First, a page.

Friday 17 August 2012


Image: Wikipedia
Worms can be pretty too, you know.

Tomopteris is a genus of rather attractive, pelagic polychaetes. In other words, bristleworms who swim in the ocean. "Tomopteris" means "cut wing", alluding to how their parapods form a kind of fin for swimming.

There's almost no information available about them! A shame, because they look sort of mesmerising; if you're to be hypnotised, it's best to know a little something about who's doing it.

Image: WoRMS for SMEBD
At least some of them reside in the deep sea and are remarkably transparent until they glow a beautiful, bioluminescent blue. One of them glows yellow, which is rare for sea creatures, and they can even fire bioluminescent mucus. The stuff shines in the darkness as a distraction for predators while the actual worm makes its getaway.

Image: neptunecanada via Flickr
Spotted at a depth of 535 m (1,755 ft)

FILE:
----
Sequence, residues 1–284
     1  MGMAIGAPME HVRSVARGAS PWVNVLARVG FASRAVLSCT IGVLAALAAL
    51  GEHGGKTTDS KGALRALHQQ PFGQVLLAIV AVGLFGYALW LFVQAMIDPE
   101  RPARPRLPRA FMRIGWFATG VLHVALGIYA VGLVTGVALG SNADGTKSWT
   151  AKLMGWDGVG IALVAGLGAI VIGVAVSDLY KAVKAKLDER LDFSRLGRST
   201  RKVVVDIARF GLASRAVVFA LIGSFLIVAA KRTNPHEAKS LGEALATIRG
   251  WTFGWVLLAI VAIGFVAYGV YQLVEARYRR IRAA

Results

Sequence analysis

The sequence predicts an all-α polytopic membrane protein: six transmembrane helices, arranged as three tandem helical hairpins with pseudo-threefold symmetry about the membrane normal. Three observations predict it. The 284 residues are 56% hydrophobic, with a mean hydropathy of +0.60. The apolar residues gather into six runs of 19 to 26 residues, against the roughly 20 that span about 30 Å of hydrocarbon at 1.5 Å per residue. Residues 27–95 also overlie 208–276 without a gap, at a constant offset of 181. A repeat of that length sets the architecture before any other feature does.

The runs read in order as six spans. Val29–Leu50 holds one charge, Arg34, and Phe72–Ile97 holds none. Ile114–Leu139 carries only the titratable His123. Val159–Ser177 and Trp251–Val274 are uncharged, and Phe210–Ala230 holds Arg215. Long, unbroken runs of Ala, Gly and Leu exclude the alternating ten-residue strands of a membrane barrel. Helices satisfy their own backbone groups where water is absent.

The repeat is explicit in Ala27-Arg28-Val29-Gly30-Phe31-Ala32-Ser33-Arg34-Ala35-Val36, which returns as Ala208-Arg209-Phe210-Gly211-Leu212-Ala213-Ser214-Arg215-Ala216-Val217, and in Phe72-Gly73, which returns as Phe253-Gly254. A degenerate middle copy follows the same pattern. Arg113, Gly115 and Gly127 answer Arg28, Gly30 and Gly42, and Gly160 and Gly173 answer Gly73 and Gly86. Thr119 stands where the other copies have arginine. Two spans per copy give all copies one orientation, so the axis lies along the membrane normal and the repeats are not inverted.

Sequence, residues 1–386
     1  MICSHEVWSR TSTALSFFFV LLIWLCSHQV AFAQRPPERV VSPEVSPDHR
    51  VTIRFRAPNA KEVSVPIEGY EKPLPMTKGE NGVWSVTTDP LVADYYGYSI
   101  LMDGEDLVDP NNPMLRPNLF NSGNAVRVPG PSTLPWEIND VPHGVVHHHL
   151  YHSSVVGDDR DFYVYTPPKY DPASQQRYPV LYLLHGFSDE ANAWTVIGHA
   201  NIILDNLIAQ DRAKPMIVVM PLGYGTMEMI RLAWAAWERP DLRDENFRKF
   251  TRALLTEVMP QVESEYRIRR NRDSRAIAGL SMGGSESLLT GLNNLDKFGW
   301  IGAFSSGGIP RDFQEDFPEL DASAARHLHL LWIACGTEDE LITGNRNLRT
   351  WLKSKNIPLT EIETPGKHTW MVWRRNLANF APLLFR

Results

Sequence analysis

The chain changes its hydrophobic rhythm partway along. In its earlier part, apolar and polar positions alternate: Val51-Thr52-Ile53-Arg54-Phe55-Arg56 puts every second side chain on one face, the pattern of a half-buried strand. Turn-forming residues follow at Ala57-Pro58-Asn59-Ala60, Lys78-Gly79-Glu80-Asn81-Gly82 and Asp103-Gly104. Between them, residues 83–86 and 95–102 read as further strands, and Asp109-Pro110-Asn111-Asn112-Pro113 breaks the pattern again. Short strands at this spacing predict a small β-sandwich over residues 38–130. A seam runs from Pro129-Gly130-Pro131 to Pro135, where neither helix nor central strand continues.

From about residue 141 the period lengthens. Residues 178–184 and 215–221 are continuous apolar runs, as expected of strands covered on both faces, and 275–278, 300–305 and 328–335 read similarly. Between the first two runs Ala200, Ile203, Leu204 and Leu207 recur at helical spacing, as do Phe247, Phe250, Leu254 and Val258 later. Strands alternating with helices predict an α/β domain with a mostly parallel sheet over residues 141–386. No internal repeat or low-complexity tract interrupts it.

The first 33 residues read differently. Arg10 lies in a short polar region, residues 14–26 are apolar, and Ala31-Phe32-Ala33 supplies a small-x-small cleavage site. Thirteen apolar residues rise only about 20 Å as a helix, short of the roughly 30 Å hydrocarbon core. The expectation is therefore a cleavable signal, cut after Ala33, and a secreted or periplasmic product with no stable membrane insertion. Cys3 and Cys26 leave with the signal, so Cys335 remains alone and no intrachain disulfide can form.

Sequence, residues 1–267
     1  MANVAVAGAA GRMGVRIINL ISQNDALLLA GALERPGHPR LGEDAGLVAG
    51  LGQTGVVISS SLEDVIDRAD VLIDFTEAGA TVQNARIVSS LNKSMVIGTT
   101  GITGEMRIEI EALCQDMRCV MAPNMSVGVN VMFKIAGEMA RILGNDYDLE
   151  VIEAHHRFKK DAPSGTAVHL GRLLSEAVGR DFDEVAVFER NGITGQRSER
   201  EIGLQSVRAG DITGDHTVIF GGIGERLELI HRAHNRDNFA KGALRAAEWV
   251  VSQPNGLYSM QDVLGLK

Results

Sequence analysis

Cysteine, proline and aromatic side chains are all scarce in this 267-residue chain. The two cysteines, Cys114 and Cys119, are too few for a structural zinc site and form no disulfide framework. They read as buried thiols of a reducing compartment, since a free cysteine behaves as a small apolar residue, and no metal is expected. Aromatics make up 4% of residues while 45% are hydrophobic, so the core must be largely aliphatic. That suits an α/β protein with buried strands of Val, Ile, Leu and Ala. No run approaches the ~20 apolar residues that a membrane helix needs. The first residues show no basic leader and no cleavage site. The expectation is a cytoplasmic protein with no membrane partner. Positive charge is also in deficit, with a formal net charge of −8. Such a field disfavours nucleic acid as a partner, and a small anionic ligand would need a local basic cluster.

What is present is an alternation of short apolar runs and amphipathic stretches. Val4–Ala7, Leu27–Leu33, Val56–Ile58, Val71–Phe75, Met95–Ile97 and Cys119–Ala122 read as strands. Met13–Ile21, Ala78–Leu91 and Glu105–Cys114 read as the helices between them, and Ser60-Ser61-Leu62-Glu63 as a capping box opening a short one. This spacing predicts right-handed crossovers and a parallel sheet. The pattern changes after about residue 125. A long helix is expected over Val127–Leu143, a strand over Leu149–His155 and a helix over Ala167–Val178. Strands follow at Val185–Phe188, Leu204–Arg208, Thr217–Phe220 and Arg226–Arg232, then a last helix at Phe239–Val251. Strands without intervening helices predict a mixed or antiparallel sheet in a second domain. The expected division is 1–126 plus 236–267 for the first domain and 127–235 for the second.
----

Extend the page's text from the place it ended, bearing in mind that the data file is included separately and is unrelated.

They only reach a few centimetres long, though the remarkably long tail on some of them must surely add to that. And then there's the pair of long, slim antennae, which I imagine is pretty useful in the dark.

All in all, it's like a Squidworm after a visit to the beauty parlour. Probably several visits to the beauty parlour. Few surgeons... Whoever it was, they were a miracle worker!


Bill said...

Amazing what can be found in the depths of the ocean!

Joseph JG said...

Too true! And not always so bad looking, either!

TexWisGirl said...

as long as they stay out of my intestines, i'm good. :)

FaustXIII said...

Looks really pretty especially in that gif image. I wish we could see a pic of the yellow species.

Joseph JG said...

@TexWisGirl: Hahaha! Good point!

@FaustXIII: I find it hypnotic in the gif, I could look at it for hours!

Kat said...

it´s not a parasite, it´s a predator, feeding on other zooplankton. amazing creatures!

Joseph JG said...

They sure are!

Derek said...

I have video of one closer to 5 inches long dragging and tending it's egg sack. Is it unusual for them to get this large?

Joseph JG said...

Yes! That sounds unusually large!